NASA Fuming over Budget Cut, SpaceX, Boeing Plans on Hold for 2 Years

SpaceX Dragon atop the Falcon 9 rocket at the launch pad in Florida.(Photo: NASA)

SpaceX Dragon atop the Falcon 9 rocket at the launch pad in Florida.(Photo: NASA)

With the US Congress set to slash its budget by $300 millions, NASA is fuming as its astronauts will have to fly by Russian launch vehicles to go to the International Space Station at the cost of about $70 million per flight.

Already buoyant with its plans for another space station, Russia may take lead in the space race as the U.S. Senate Appropriations subcommittee voted to cut over $300 million from NASA’s budget, that may cripple the US space agency to cancel its agreements with private players like SpaceX and Boeing to build rockets for missions from 2017.

“I am deeply disappointed that the Senate Appropriations subcommittee does not fully support NASA’s plan to once again launch American astronauts from U.S. soil as soon as possible, and instead focuses to write checks to Russia,” NASA Administrator Charles Bolden said on Wednesday.

He said NASA will be forced to rely on Russia and pour into the Russian space program hundreds of millions instead of developing its own space program. “By gutting this program and turning our backs on U.S. industry, NASA will be forced to continue to rely on Russia to get its astronauts to space – and continue to invest hundreds of millions of dollars into the Russian economy rather than our own,” he noted.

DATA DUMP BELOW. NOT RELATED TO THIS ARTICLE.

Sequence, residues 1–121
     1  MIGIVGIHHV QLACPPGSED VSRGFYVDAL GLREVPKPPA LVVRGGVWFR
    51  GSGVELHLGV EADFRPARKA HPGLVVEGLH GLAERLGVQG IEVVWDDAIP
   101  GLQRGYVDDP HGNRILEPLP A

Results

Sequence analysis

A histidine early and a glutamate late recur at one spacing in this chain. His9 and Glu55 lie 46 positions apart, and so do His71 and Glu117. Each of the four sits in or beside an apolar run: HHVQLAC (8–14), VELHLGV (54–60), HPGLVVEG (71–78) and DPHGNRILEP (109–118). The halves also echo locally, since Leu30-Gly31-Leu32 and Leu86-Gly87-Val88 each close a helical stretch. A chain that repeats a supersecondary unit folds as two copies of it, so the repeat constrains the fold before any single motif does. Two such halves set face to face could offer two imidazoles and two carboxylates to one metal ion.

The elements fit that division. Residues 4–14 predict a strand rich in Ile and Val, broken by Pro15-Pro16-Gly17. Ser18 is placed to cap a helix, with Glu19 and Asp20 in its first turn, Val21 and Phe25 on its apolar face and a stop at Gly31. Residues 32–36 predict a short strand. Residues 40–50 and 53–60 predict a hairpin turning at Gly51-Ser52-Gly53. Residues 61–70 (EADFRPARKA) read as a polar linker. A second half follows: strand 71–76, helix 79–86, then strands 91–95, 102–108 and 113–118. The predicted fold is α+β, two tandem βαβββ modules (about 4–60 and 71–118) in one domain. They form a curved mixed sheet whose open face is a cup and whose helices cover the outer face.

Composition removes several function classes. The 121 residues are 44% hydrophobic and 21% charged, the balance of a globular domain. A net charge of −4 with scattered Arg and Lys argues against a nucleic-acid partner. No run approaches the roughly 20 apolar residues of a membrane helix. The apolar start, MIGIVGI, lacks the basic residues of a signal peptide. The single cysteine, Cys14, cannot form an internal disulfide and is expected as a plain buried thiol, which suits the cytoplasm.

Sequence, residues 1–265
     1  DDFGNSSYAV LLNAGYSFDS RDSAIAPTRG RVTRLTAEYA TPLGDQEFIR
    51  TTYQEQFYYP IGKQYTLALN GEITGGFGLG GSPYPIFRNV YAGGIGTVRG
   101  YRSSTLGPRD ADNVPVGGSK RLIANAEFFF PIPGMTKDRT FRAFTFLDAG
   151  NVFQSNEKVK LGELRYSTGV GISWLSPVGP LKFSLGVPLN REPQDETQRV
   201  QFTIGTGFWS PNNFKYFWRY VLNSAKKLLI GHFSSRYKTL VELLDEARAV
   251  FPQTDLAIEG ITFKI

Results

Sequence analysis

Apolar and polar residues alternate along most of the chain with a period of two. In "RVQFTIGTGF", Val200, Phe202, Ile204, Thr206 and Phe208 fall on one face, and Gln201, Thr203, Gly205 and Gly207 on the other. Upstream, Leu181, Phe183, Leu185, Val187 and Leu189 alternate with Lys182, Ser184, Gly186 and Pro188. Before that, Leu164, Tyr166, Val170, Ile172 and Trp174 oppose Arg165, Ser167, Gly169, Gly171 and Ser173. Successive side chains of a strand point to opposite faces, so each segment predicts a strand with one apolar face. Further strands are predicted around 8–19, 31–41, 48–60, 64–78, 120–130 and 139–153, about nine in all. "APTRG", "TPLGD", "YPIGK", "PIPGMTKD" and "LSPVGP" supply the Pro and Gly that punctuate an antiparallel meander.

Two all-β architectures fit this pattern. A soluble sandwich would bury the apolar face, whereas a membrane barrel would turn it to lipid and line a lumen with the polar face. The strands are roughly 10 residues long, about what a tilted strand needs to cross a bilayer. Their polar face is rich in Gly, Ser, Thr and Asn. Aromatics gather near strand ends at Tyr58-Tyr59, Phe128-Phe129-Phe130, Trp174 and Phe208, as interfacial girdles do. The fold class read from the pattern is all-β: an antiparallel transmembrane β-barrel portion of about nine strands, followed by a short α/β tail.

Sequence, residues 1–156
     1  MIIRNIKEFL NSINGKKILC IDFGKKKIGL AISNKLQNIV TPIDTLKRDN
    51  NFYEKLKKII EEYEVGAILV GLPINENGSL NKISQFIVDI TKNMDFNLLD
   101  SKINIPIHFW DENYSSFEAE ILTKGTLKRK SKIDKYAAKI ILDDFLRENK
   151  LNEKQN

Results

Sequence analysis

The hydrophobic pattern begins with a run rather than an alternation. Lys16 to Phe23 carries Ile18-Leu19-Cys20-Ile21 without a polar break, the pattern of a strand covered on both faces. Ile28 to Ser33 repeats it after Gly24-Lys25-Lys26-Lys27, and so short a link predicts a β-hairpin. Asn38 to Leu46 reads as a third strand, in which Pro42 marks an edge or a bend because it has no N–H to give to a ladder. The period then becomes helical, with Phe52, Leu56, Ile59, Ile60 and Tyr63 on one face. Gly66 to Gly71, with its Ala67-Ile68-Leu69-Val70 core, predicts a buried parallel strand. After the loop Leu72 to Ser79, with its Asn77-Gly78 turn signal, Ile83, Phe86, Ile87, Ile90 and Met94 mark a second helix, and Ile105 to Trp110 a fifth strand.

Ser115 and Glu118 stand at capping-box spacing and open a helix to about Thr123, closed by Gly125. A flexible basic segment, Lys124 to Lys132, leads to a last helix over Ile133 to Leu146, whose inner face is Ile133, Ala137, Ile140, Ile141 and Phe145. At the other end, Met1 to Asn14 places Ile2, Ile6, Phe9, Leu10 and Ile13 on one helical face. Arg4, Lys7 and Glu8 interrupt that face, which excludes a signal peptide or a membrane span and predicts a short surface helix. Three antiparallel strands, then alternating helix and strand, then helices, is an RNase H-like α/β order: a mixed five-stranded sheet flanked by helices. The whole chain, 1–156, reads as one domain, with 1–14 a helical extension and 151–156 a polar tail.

NASA has recently signed contract worth $4.2 billion with Boeing and $2.6 billion with SpaceX to send manned missions to the moon.Though the budget cut may go to the Senate subcommittee where an amendment is expected to take few more days.

Democrat Senator Bill Nelson of Florida has clarified the that the American flights still face two years of delay, forcing the US rely upon the Russian launches. “We need to wake up to what is happening,” he said.

The worst affected from the delay is SpaceX, which has pushed its plan to build a massive new airport hangar to keep its Falcon Heavy vehicle and two Falcon 9 rockets, just adjacent the Kennedy Space Center.


  1. SpaceX plans with LC39A are not affected by this decision. The primary use of LC39A will be to launch the Falcon Heavy not Commercial Crew.

  2. Derle Smith Jr.

    If we are to continue space exploration in earnest, we must “privatize” our space program. That means removing our dependence on political involvement and directly supporting private companies such as Dragon, SpaceX, and Boeing. It is time for American citizens to make a stand. If those of us who have a compassion for privately-funded space exploration will chip in and contact these companies individually, there is a good chance that we can all realize a turnaround in the space industry. Cheers, Dr. D.

  3. This will not significantly hurt SpaceX because their primary business right now is running supply runs to and from the ISS and as a commercial satellite launch provider. Their launch manifest is already booked up for years to come. All that will happen is that Musk will concentrate on other market segments. But the story for Boeing is much more dire. Boeing (and other “defense” contractors) are heavily dependent on no-bid contracts and intentional cost overruns and delays. Their Space Division desperately needs the NASA and Pentagon money for them to attempt to catch up with SpaceX and stay alive as disposable rocketry, craft-made launch vehicles, sea recovery and vehicle reusability are coming to a rather sudden close. Just compare the specs of the Dragon 2 and the CST-100 capsules to see how much Boeing is still peddling 1960’s technology.

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